For a long time I always tried to spend Christmas with people, because society says that’s what you do at Christmas and if you’re not doing this then you must be a sad, lonely bachelor eating beans on toast for Christmas lunch and wishing your life was a bit less depressing than the Eastenders Christmas Special.
Eventually, though, after a few years of intolerable winter travelling and holiday stress, I decided: I was in my thirties, single, childless and every one of my neighbours was away; I was going to own Christmas for a change. The only way I was going to succeed in wishing goodwill to all was by staying the fuck away from all for the duration. This would be my Christmas tradition: I was going to sit down and watch films from Christmas Eve all the way to the end of Boxing Day, alone and with enough scheduled entertainment to distract myself from the soul-deadening reality that this was a pretty depressing thing to be doing, all things considered.
I don’t just watch films at random, though, I keep each of the three days vaguely themed to help give me some structure and focus. Christmas Eve always begins with The Muppet Christmas Carol, the one entry in the canon that won’t be changed, a bit like how Alan Davies is always on QI, but obviously much, much funnier. The annual watching of The Muppet Christmas Carol is made slightly complicated by the fact that every available release of the film has cut out Belle’s song When Love Is Gone, which means at a key point I have to pause the film, switch to YouTube and watch the VHS-ripped song there, then continue with the film. It’s a pivotal song! It’s the moment that Scrooge’s fate is sealed, the moment at which his true love heartbreakingly leaves him because she can see that he’s withered away inside, etc. etc.
The song’s absence makes me cross every time, but the theme for Christmas Eve is not ‘films that have been butchered and leave me raging impotently against the TV’, but simply ‘Christmas’. Anything with a Christmas theme or setting is a candidate to being viewed on Christmas Eve, to get me as much into the Christmas spirit as I dare without getting weird about it. Thus Bad Santa, Gremlins, Die Hard, Rise of the Guardians, Arthur Christmas. An appreciation of Shane Black films is useful here, allowing for Lethal Weapon, The Long Kiss Goodnight, Kiss Kiss Bang Bang and even Iron Man 3. I’m flexible, though; last year included The Company of Wolves which has nothing to do with Christmas but has a wintery feel to it that counted for a lot.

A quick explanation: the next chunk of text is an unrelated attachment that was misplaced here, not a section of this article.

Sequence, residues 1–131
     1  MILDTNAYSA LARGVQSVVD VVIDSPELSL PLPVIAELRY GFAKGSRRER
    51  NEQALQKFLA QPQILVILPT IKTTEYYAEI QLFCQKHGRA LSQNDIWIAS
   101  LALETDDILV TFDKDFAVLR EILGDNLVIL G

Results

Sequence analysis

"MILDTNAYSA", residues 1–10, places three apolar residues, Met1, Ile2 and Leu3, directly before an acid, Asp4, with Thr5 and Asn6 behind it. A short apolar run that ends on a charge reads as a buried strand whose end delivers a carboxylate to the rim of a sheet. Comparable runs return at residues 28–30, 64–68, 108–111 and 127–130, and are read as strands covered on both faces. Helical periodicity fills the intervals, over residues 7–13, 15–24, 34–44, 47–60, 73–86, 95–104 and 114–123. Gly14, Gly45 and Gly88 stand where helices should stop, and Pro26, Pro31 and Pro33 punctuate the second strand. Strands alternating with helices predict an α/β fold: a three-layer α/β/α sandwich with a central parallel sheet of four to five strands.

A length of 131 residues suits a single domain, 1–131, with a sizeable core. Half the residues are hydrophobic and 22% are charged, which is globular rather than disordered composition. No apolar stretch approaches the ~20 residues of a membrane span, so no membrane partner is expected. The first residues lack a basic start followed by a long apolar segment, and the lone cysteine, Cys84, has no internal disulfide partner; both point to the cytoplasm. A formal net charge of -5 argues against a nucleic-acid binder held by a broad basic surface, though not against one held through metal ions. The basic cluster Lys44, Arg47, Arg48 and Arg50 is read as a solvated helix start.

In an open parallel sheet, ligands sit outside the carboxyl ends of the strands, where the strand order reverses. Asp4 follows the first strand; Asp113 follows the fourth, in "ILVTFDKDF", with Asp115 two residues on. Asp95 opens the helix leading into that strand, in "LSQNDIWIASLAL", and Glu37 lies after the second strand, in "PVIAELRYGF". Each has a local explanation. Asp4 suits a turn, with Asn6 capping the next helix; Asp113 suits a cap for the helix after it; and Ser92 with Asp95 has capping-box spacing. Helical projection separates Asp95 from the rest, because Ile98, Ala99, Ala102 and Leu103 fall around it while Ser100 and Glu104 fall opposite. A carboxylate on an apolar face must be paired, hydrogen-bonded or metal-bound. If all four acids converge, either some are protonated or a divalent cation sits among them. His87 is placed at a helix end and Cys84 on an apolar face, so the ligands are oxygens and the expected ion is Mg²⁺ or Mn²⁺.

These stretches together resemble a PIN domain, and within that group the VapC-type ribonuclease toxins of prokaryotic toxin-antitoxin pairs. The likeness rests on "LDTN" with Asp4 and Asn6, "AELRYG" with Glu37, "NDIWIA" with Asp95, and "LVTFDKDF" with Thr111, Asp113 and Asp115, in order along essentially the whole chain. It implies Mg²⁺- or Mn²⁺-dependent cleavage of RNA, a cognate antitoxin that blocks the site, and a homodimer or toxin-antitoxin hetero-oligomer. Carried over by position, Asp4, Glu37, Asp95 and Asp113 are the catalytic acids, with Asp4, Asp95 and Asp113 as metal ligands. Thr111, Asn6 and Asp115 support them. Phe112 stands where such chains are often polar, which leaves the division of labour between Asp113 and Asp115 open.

For Christmas Day, the theme is essentially just ‘Pulp’. This is even more flexible than the ‘Christmas’ theme because the only guiding principle is ‘could this be plausibly shown as part of a Saturday matinée double bill?’, e.g. Indiana Jones, The Rocketeer, Dick Tracy, Bugsy Malone, Cocoon, *batteries not included, Flight of the Navigator; this is the point at which it should be obvious that I’m a child of the ‘80s. Christmas Day is ideally for Spielberg, Zemeckis and Dante, but anyone’s welcome if they can show good intentions and a bit of animated Disney doesn’t go amiss as well, particularly with no distracting children running around trying to make the day all about them.
Finally, Boxing Day is dedicated to the theme of ‘old films, especially David Lean epics’. The Great Escape, Bridge Over the River Kwai, Doctor Zhivago, The Guns of Navarone, A Passage to India, The Dam Busters with the hilarious racist dog. The key here is long and slow, but not long and slow in a contemporary way where the story is stretched transparently-thin across a fat special effect stomach. The epics of the ‘50s earned every frame, and the vibe of Boxing Day becomes ‘quietly eat leftovers and fall into films that you never want to end’.
With a bit of discipline and an occasional stretch to keep off the deep vein thrombosis I usually get through 12 to 15 films over three days. I keep a longlist of films handy and start whittling down to a shortlist when December hits, making sure there isn’t too much repetition of tone or genre, trying to get a good mixture of films I’ve seen and films I haven’t, trying to get at least one James Bond film in the mix even though most Bond films are terrible, and I regret watching most of them in the same way that I regret a filthy deep-fried takeaway about halfway through. On Her Majesty’s Secret Service is the one Bond film that fits into the ‘Christmas’, ‘Pulp’ and ‘Old’ themes, but Roger Moore has no business appearing on Christmas Eve and Dalton and Brosnan only really fit in on Christmas Day. I’ve no time for either the smug misogyny of Sean Connery nor the joyless slogs of Daniel Craig.
The rules get more complicated the closer I get to Christmas and it all gets a bit High Fidelity towards the end, but that’s probably why I enjoy it so much, and I’m sure it’ll come in handy one day when I decide to run my own film festival. And why is ‘beans on toast for Christmas lunch’ the shorthand for a sad, lonely, bachelor existence anyway? Some good thick toast, decent salted butter, piping hot beans — who doesn’t love that?